Chris Woo shows you how to make the most of being a host.
<b>PHOTOGRAPHY</b> VERNON WONG
<b>ART DIRECTION</b> JEAN YAP
Anyone who has successfully prepared a meal that involved more than one utensil, three ingredients, and an actual ﬂame might fancy themselves handy in the kitchen. But, unless people have been willing to pay for your little hobby, you’re likely not at the level of Chris Woo.
With no formal training, Woo picked up his culinary skills from his mother, cookbooks, TV chefs and years of experimenting. By the time he was in boarding school in the UK, he prepared an eight-course meal for his best friend’s parents which included Peking duck, sesame pancakes, sweet and sour pork and ﬁsh. It was the ﬁrst time he was paid to cook.
These days he’s paid to be the tax leader of PwC Singapore, but he still ﬁnds time to host his friends and close clients at least once or twice a month. One of these friends is chef Valentino Valtulina of Ristorante Da Valentino, who once had to have double helpings of Woo’s creamy parmesan risotto.
He’s had plenty of experience with Chinese, Italian, Southern French and, more recently, British cuisine, so trust him when he says shortcuts should never be taken. “Good quality ingredients are key so don’t compromise. If you enjoy certain ingredients, there’s no harm in being more generous with them. Recipes are just for guidance so never be afraid to innovate,” he advises.
If you’re short on time, go for pasta. “They’re very quick and easy, but make sure they’re cooked al dente. After that, the key is which sauce to go with it. You can make a big impact if you have good tomatoes, nice thick cream, or even preserved meats like bacon or sausage. And never hesitate to go nuts with quality olive oil,” he adds.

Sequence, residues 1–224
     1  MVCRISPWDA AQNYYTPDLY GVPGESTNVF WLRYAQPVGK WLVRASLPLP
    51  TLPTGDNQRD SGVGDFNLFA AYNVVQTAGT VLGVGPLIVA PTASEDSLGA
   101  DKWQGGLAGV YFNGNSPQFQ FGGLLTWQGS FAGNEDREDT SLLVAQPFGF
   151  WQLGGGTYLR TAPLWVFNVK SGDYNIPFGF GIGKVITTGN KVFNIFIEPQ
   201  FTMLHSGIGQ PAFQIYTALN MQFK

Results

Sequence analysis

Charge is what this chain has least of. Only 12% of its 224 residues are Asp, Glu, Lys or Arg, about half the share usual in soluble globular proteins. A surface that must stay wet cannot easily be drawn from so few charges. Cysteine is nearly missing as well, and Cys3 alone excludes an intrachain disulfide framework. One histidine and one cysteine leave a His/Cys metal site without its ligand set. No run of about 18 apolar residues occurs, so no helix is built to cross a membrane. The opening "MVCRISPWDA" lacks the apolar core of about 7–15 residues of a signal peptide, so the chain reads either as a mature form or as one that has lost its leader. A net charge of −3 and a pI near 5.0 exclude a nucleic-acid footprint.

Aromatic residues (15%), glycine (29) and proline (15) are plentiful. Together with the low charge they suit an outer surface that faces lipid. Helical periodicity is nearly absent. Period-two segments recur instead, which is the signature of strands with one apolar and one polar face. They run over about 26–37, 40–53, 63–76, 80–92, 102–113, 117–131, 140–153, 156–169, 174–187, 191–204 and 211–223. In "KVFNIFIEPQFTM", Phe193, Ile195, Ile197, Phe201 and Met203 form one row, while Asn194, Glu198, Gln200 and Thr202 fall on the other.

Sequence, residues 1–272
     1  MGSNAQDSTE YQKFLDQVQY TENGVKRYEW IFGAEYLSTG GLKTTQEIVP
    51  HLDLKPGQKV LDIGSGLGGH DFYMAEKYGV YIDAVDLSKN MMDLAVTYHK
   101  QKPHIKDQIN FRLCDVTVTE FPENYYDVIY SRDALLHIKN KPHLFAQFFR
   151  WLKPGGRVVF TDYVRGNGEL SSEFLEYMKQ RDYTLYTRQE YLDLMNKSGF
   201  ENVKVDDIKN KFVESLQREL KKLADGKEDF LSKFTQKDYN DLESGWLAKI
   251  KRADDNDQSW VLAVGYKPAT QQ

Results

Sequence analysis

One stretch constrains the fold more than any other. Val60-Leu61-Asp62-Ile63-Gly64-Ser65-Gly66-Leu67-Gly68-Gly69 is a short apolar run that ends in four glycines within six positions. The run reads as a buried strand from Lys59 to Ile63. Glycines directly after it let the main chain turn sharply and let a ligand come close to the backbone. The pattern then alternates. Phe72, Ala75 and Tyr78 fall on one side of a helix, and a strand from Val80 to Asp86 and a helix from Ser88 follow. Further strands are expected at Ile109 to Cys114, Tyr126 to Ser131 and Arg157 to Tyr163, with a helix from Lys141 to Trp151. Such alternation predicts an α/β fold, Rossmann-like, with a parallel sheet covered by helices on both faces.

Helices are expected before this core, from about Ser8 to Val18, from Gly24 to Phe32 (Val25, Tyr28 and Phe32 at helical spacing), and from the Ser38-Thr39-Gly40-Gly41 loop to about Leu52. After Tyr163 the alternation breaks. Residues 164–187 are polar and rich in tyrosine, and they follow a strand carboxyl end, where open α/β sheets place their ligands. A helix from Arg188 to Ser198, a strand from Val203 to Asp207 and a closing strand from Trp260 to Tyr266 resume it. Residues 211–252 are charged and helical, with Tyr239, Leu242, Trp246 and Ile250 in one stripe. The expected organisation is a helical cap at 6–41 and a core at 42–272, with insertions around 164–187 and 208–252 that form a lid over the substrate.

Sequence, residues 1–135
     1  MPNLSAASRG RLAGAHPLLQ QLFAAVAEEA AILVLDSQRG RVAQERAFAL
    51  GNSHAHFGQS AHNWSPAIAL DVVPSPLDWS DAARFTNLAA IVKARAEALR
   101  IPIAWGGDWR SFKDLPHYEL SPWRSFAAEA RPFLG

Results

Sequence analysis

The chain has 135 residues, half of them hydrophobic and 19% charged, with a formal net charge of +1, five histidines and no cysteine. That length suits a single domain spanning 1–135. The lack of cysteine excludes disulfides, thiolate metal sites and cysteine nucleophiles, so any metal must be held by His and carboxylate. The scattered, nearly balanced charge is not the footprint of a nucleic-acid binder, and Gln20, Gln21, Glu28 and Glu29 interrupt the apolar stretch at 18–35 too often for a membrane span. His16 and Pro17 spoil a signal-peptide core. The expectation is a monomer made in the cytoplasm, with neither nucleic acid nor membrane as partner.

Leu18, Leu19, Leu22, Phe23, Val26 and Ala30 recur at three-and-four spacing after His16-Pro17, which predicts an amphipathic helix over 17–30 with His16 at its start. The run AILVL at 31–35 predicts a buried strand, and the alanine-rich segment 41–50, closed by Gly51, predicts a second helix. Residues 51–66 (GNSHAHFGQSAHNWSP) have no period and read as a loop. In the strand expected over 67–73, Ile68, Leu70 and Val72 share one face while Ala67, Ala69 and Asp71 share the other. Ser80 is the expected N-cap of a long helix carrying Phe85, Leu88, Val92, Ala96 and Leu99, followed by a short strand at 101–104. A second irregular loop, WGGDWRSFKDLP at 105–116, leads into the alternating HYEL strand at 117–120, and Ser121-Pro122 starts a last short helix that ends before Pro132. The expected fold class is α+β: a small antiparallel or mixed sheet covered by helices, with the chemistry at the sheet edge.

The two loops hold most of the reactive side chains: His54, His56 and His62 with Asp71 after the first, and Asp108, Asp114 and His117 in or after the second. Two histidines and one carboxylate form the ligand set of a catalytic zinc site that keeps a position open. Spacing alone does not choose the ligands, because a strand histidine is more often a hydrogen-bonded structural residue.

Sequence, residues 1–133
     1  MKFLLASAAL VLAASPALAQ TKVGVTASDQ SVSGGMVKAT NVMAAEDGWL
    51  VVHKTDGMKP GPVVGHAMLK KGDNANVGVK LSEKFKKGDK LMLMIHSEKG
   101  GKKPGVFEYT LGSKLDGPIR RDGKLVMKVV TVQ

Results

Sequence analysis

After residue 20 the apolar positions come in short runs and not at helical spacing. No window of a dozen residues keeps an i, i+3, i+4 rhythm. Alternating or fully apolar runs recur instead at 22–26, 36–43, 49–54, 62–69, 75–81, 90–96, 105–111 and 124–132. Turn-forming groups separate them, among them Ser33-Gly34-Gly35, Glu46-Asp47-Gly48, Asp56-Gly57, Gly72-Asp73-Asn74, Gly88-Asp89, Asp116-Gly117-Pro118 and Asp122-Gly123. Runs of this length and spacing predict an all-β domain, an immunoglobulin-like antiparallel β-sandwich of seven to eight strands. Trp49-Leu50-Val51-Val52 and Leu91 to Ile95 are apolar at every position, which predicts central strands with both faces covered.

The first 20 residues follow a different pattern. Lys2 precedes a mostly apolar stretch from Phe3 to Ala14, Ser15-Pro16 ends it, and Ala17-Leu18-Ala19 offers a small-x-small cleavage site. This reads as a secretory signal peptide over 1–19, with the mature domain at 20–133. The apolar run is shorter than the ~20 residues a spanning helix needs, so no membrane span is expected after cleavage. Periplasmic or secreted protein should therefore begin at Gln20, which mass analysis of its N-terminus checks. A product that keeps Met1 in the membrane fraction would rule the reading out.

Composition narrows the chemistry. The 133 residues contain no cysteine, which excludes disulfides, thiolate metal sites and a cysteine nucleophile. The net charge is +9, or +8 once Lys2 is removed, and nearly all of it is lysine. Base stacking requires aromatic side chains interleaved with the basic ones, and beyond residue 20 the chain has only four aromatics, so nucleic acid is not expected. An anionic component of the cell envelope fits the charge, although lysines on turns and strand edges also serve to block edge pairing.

“As a starter, foie gras is dead easy and always impressive. Just make sure you don’t overcook it and lose the fat,” he says. As a ﬁnal tip, a good host should always provide “loads of excellent champagne and wine. It helps to wash all the food down and adds to the merriment”.
THE SHUCK FACTOR
Markus Dybwad, general manager and executive chef of Fisk Seafoodbar & Market, shares his expertise on assembling a seafood bar at home.
ICE ICE BABY
Keep both crushed ice and ice blocks on hand. The former is cheap and easily available, while the latter looks beautiful on display. Start by building your seafood bar on a drip tray to prolong your presentation, before incorporating elements such as wood and granite for texture.
To ensure your guests enjoy fresh and top-notch seafood, make sure your offerings are consumed within three hours indoors and an hour outdoors. Keep your raw food chilled for as long as possible, and only shuck your oysters and shellfish a la minute.
LEAVE IT TO THE EXPERTS
If you would rather outsource the menu curation, Fisk can propose seafood selections according to your budget and preferences. For a cosy party of 10, the set includes its signature house-smoked salmon, oysters, assorted sashimi and smorrebrod sandwiches.